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Understanding Active and Passive Fire Protection Systems

What Do Fire Protection Systems Protect?

Fire protection systems have the essential role of providing front line defence to residential, commercial and industrial buildings. What other kind of protection systems can face bush fires, hospital and school fires and provide fire suppression systems in tall buildings?

In the recent years, a remarkable trend has been happening in the construction industry. More and more building and facilities designers are integrating natural elements, sustainable “green” components, and fire protection engineering into their designs; such as the use of natural lighting through atria, skylights and fire-rated glazed materials. Construction designs and fire code standards are being integrated to comply with prevailing building codes.

To assure compliance, all the stakeholders, the owners, architects, designers, engineers including the fire protection engineers and building and permit authorities are collaborating with each other.

What is the difference between Active and passive fire protection systems?

The main difference between active and passive fire protection systems is that active systems are designed to put out fires, while passive ones are designed to prevent them from starting in the first place.

Passive Fire Protection, THE SILENT DEFENDER

Passive fire protection systems include door closures that automatically close when they sense smoke or other dangerous gases; automatic shut-off valves on gas lines; smoke curtains that prevent smoke from entering an area through small openings like doors and windows; and emergency lighting systems that provide light even when power is out so people can still find their way around safely during an evacuation or blackout period.

Fire protection systems are designed to work 24 hours a day and when a raging fire comes roaring, the systems should have the power to control the fire and prevent it from spreading. The effectiveness of passive fire protection tools can only be evaluated after a fire assessment of structural damage and collateral damage. One tool being promoted for educational and healthcare structures are fire rated glazing materials which allow natural daylight to go through building spaces of medical labs, stairways, corridors, etc. instead of using artificial lighting.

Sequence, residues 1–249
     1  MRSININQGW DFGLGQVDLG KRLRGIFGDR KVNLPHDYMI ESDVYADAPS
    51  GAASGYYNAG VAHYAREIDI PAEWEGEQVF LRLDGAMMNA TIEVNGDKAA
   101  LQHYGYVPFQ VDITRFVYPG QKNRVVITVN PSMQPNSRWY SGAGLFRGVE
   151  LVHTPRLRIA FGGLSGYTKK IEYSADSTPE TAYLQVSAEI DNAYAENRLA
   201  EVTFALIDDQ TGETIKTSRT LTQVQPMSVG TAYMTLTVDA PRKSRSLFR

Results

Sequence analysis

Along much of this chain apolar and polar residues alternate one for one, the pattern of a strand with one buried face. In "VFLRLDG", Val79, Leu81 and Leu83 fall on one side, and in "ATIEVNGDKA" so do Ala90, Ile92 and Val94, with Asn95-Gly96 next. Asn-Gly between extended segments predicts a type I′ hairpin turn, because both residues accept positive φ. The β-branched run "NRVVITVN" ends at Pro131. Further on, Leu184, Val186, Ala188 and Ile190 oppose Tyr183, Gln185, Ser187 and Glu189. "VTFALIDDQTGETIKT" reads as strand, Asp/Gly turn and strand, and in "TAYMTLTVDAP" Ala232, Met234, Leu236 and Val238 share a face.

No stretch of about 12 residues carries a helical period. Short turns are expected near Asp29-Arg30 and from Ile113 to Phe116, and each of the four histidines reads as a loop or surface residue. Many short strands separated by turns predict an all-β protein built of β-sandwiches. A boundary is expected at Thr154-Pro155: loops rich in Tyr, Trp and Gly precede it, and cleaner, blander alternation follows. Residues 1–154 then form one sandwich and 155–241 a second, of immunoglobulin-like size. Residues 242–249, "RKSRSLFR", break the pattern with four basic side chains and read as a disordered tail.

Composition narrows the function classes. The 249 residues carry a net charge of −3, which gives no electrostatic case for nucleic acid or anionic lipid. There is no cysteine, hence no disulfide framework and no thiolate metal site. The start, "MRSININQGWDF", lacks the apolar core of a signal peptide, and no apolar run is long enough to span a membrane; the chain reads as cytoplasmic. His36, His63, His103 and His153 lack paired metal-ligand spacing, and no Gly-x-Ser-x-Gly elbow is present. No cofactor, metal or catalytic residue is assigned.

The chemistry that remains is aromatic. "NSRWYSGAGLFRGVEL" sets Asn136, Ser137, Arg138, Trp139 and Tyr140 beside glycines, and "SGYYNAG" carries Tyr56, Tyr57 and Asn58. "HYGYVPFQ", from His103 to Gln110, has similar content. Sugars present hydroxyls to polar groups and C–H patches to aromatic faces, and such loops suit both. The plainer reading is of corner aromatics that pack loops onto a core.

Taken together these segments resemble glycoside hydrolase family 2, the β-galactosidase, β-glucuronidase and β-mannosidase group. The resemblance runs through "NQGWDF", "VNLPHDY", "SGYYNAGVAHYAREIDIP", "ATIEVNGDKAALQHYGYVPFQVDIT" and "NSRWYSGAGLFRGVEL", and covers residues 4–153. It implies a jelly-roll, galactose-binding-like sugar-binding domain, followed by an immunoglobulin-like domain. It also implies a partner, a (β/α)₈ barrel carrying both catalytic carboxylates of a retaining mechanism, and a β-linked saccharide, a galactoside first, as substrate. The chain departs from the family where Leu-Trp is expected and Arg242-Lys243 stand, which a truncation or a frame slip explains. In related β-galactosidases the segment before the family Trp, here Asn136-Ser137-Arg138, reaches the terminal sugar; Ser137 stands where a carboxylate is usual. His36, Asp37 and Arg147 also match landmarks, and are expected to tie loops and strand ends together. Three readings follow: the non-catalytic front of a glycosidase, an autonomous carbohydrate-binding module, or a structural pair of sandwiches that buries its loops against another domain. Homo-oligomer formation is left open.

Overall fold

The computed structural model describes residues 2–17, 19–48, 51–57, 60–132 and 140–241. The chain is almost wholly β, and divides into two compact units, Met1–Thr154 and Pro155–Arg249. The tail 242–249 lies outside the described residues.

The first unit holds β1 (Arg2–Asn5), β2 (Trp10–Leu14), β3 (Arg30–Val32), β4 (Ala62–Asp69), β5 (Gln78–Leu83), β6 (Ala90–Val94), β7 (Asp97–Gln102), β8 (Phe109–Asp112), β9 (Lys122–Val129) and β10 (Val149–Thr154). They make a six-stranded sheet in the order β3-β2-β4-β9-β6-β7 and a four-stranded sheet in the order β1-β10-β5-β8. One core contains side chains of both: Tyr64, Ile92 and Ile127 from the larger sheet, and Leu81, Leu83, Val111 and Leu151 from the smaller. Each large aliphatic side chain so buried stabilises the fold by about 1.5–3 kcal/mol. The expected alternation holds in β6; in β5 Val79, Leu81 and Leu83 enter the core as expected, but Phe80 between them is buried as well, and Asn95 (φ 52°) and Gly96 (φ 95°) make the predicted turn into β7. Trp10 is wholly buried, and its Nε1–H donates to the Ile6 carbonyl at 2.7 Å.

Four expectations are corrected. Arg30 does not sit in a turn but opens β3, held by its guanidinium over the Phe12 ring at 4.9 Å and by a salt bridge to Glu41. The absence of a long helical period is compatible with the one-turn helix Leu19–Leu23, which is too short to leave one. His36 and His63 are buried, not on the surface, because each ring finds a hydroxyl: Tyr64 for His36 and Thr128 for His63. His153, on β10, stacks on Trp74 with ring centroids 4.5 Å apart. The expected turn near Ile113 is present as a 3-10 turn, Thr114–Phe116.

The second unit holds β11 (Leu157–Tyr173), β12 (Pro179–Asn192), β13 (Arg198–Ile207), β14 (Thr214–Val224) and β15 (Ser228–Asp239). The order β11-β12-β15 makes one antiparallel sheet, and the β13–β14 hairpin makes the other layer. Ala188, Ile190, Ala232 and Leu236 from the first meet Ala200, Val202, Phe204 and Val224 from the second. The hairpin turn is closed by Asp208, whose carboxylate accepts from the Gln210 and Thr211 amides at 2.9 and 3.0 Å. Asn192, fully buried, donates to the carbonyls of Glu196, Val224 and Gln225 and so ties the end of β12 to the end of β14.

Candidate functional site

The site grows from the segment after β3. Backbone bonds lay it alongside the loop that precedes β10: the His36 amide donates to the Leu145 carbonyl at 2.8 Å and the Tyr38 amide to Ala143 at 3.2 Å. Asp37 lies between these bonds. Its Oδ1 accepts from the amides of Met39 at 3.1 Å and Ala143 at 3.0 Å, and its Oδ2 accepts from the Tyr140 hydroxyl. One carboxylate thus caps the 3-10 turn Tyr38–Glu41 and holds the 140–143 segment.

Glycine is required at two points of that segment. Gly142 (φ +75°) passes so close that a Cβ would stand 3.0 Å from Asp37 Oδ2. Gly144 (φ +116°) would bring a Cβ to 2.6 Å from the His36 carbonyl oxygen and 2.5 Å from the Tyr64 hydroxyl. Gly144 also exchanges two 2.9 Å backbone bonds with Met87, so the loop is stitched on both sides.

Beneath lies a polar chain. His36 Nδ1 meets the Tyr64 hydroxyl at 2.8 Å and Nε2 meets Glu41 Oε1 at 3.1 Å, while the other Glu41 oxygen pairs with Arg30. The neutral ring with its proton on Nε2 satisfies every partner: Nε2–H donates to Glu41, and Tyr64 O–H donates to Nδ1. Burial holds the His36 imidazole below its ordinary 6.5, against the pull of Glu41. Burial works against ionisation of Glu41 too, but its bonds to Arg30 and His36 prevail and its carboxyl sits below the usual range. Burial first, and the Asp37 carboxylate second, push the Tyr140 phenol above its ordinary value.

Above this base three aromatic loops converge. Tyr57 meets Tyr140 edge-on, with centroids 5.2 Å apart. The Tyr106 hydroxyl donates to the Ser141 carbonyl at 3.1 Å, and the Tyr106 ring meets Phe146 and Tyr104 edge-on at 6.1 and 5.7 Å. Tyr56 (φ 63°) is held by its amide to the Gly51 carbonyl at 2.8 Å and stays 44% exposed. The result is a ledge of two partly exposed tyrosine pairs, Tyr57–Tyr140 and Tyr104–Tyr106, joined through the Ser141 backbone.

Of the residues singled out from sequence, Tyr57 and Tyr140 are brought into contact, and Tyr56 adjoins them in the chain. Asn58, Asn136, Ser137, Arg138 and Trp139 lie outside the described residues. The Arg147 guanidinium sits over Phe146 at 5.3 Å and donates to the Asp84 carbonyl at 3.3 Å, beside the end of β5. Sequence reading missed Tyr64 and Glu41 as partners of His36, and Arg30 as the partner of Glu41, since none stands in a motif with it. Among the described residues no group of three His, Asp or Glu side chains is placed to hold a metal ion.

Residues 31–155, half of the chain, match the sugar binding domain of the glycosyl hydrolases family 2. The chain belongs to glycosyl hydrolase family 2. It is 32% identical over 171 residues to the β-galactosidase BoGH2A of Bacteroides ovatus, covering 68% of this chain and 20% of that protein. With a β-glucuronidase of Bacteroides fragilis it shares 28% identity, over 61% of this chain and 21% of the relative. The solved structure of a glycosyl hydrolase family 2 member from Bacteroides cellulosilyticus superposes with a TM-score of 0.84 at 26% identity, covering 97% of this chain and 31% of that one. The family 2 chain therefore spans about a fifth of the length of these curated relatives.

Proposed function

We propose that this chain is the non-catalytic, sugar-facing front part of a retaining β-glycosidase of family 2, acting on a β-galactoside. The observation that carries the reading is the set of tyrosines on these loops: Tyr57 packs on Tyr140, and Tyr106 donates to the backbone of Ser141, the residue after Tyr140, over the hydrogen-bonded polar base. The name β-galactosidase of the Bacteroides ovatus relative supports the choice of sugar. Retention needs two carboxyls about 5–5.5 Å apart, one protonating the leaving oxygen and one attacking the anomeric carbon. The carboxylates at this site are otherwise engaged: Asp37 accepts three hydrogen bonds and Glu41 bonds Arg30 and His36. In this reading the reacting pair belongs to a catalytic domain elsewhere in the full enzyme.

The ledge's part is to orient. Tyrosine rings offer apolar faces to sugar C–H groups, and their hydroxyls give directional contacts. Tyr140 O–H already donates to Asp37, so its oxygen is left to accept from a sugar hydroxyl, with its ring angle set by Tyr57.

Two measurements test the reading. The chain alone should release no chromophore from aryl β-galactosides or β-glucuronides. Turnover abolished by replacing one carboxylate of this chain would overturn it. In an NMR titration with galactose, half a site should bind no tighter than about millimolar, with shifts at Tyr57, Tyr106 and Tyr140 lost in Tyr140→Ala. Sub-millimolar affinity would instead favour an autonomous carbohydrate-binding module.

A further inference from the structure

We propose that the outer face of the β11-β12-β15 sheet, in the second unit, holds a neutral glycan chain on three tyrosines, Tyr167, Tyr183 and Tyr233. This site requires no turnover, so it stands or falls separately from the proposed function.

Fire retardants are another form of passive protection against fires. These chemicals can restrain spread of fire and save lives and properties. You can apply the latest kind of retardants to your curtains, draperies, carpeting, dining and living room furniture and fixtures, or equipments and others as extra precaution in addition to your smoke alarms or sprinklers.

>>>Relevant article: “Passive Fire Protection, Back To Basics”<<<

Active Fire Protection

Active fire protection systems include sprinklers, which spray water on a fire as soon as it starts; heat detectors, which detect the rise in temperature caused by a fire and alert the appropriate people; and smoke detectors, which do much the same thing as heat detectors but rely on rising smoke levels instead of rising temperatures. These systems will only activate when there’s actually a fire going on—they don’t do anything if there isn’t one.

There are many types of active fire protection, each with their own purpose.

Sprinkler systems: Sprinklers are the most common type of active fire protection and are typically found in public and commercial buildings. These systems are designed to prevent fire from spreading by releasing water into a room and/or building area.

Fire alarms: A fire alarm is an electronic or mechanical device that alerts people to the presence of smoke or fire, giving them time to escape safely. Fire alarms can be found in homes and offices alike.

Fire extinguishers: Fire extinguishers are portable devices that can be used to quickly put out small fires before they spread out of control. The type of extinguisher you need depends on the type of fire you’re dealing with and where it’s happening (for example, if you have an electrical fire, you’ll need a different kind than if it’s wood or paper).

Fire extinguishers, sprinklers and other active fire protection systems are most effective when integrated and incorporated with passive fire protection systems to have a well balanced strategy. Using  detection, suppression and compartmentalization (DSC) approach will allow occupants a safe exit during a fire and provide protection from flames, smoke and heat to your valuable assets.

These are the types of 21st century fire protection systems you should invest in for the protection of precious lives of people you care and love and your valuable properties!

Dedicated to Your Fire Safety

Alex

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